Keeping Your Townhouse Mould-Free
Mould is a potential nuisance in any home, but townhouse owners have to be particularly diligent. Any place that’s damp and unventilated is a potential mould-breeding zone—and townhouse bathrooms can be especially prone, particularly if they are frequently used for bathing without adequate time to dry.
“It’s rare for townhouses to have windows in the bathroom,” explains Ariane Benjamin, realtor at Vancouver Townhouse. “A lot of homeowners will simply pop open a window to air out their bathrooms, but townhouses typically rely on ventilation to dry. If a lot of people are showering or bathing, and the ventilation system isn’t run for a good long time, the bathroom can become a potential growth zone.”
Mould spores commonly float through the air, and they can start to grow if left unchecked on damp surfaces, like ledges, walls, and ceilings. Besides destroying the walls and paint, mould can also cause allergic reactions, triggering hay fever-like symptoms in some people.
Dealing With Mould in Your Townhouse
If you notice mould forming on a surface in your townhouse, whether it’s on a ceiling, wall, or in between grout of the bathroom tile, you have several options for removal according to the Indoor Science Consultants and Technicians.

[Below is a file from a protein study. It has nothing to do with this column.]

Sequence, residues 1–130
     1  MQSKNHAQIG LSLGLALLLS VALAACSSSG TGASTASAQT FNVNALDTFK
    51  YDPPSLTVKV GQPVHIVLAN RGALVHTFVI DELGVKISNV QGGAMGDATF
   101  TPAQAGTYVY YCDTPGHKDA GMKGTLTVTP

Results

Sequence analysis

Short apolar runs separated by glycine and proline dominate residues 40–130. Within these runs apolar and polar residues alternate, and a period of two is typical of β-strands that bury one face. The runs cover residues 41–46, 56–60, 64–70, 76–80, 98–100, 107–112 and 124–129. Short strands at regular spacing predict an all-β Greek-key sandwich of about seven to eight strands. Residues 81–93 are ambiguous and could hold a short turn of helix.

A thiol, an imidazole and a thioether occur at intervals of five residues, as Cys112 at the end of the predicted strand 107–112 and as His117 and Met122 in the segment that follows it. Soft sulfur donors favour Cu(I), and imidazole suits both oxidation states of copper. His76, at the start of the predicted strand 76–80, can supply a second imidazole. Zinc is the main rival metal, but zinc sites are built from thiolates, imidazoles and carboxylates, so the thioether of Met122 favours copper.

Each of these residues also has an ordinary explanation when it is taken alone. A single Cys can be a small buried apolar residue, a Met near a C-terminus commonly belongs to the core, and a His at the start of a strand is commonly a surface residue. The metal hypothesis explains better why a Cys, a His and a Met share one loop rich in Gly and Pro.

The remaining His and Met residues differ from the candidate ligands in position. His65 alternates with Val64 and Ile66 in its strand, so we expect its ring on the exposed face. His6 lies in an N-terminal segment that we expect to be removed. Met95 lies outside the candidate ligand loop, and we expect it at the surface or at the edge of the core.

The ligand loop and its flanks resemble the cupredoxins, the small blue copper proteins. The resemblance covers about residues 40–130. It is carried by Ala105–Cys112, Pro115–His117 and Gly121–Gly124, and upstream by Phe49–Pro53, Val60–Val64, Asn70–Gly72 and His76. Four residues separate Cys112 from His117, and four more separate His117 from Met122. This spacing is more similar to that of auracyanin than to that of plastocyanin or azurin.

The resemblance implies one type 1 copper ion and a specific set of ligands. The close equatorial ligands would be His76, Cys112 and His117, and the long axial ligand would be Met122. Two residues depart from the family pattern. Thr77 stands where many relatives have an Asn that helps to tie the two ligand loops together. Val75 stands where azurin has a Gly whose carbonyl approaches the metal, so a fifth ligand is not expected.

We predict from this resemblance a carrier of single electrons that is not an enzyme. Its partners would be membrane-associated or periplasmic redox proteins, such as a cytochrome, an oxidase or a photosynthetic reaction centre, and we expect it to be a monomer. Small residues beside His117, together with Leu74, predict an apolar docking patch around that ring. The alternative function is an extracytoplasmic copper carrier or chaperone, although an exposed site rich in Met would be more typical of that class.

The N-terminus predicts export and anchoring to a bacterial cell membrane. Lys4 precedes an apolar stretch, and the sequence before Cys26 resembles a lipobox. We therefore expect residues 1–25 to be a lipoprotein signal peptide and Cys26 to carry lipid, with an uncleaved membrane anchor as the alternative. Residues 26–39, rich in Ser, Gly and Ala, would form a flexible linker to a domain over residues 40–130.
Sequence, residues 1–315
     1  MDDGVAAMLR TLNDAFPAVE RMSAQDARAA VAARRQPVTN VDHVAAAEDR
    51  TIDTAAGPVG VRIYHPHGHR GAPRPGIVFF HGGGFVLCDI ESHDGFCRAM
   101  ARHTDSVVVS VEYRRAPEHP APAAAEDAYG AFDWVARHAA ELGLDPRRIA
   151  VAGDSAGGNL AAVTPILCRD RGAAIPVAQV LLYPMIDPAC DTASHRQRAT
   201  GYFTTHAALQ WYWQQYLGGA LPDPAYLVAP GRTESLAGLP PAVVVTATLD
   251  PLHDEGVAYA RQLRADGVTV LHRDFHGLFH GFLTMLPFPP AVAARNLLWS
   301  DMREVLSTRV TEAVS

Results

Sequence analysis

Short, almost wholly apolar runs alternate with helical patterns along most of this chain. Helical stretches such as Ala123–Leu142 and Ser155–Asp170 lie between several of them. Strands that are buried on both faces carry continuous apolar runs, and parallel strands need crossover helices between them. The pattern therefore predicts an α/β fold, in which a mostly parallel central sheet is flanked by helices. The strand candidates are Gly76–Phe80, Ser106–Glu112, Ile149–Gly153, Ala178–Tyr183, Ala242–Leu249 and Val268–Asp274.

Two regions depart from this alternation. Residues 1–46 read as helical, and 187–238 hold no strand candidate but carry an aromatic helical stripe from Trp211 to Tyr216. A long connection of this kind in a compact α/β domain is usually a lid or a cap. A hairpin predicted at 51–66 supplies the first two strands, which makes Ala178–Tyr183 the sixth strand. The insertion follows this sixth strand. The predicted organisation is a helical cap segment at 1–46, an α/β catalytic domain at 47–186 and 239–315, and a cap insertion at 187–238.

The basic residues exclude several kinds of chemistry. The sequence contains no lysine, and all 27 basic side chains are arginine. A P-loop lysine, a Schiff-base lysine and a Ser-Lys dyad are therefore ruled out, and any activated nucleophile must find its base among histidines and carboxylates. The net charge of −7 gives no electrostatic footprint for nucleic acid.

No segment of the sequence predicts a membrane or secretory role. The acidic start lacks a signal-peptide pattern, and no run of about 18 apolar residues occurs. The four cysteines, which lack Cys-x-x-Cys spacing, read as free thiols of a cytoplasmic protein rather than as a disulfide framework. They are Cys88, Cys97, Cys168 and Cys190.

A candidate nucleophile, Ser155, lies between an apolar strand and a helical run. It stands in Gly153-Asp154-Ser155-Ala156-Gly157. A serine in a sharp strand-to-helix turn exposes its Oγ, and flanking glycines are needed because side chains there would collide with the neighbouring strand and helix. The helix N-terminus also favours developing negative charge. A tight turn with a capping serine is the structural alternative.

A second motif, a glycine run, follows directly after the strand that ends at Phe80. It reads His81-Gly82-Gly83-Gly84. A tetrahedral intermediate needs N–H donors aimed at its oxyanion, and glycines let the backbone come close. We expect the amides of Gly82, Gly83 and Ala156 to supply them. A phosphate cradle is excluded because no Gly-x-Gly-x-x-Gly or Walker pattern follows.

Please note: wearing rubber gloves and goggles is strongly recommended when dealing with mould.
- Add approximately one cup of bleach to one gallon of water. Put it in a spray bottle—or sponge it along the surface. Do not rinse.
- Add vinegar to a spray bottle and apply it directly to the affected area.
- Add about one spoonful of tea tree oil to a cup of water. Let it soak on the surface for a few minutes before wiping it away.
“By looking after mould immediately when you notice it, you can stop unsightly growth and protect your investment,” says Ariane. “If the area is larger than about 10 square feet, it’s recommended that you call in a professional as this could be a sign of a deeper problem. Remember to periodically check spaces under sinks or in crawl spaces—and always use bathroom ventilation to remove condensation when running the bath or shower.”